A new documentary narrated by the pinup icon sheds new light on her through a bevy of her lovers and confidantes—and what happened to her after her disappearance at the height of her career.
It was a time completely anathema to today. A time when the class freak was the one who’d had sex, not the one abstaining. A time when anything remotely resembling pornography warranted censure and possible imprisonment, as opposed to a $13 billion industry. A time when the Postmaster General had the authority to open and confiscate your mail, and even raid your home in search of “lewd material” (paging Edward Snowden!).
And then there was Bettie Page. With her striking blue eyes, black bangs, voluptuous figure, and thousand-watt smile, Page was the living embodiment of a lady on the streets and a freak in the sheets, the original good girl gone bad. She was the world’s greatest pinup model, a sexual Sherpa guiding a generation of men and women through the repressive landscape of 1950s America.
“It’s very difficult to find a parallel for her—this combination of naughty and nice—and it’s all in the context of innocence,” says Playboy founder Hugh Hefner. “The remarkable thing about her image is how much it’s influenced pop culture—from music, to movies, to fashion.”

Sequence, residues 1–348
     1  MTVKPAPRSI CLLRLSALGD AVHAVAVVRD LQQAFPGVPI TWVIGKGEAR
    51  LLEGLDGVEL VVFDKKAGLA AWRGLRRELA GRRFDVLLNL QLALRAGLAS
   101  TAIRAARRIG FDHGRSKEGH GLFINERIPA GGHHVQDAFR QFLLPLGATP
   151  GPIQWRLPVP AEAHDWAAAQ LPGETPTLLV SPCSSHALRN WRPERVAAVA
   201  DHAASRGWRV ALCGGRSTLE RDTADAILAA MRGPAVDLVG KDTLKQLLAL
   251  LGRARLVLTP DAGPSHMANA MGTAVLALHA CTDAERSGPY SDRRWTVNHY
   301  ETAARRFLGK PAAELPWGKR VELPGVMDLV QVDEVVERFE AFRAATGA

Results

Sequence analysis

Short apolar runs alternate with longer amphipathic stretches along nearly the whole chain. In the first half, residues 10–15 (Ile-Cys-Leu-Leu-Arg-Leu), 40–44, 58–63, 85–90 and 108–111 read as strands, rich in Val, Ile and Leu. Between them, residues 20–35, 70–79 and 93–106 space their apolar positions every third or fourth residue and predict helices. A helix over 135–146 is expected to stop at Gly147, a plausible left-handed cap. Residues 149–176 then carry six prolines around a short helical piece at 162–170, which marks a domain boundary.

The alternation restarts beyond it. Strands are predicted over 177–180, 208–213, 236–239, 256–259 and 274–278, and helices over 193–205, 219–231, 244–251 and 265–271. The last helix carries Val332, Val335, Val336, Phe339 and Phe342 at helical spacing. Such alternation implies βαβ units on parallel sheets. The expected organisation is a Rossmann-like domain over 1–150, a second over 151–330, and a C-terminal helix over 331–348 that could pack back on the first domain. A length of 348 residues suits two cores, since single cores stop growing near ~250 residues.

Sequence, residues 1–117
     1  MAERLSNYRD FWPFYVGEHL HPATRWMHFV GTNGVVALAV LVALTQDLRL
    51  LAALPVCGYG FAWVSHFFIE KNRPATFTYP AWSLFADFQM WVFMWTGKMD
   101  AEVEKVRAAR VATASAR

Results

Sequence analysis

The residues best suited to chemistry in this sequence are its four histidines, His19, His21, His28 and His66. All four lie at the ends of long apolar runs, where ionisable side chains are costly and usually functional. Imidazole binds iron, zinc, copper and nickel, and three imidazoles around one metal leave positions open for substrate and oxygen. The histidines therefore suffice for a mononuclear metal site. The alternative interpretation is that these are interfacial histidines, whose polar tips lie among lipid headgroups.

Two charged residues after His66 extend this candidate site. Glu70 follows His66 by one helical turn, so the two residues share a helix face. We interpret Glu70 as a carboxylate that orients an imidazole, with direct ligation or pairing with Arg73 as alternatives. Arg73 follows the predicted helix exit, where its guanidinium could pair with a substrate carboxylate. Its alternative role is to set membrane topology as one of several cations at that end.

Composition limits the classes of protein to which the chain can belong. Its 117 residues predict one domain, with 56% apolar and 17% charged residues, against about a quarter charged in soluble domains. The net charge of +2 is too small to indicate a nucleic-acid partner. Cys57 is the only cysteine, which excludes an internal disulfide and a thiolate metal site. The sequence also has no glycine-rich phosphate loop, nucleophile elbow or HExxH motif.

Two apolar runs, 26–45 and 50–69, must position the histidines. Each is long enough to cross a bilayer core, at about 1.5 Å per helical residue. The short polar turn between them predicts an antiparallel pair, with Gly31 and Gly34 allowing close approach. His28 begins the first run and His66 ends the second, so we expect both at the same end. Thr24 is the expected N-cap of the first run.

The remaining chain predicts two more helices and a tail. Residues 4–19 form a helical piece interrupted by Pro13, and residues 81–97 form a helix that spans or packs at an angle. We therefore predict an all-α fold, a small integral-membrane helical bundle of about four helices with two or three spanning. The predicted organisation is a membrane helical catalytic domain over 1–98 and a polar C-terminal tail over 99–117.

Indeed, pop culture owes a great deal of debt to Page. Look at Katy Perry’s combination of piercing blue eyes and black bangs, Madonna’s bondage-heavy music video for “Human Nature,” and Uma Thurman’s character in Pulp Fiction. Behold pinup model Dita Von Teese, the work of designer Thierry Mugler, and Beyoncé’s music video for ‘Why Don’t You Love Me”—a riff on Page’s 16mm short films. Read the erotic BDSM novel Fifty Shades of Grey. Or pop in and visit one of the 17 Bettie Page clothing stores across the country boasting apparel inspired by the pinup beauty. Forbes’s list of the top earning dead celebrities for 2013 placed Page at No. 8 with a take of $10 million—right after Albert Einstein and several spots ahead of Bruce Lee.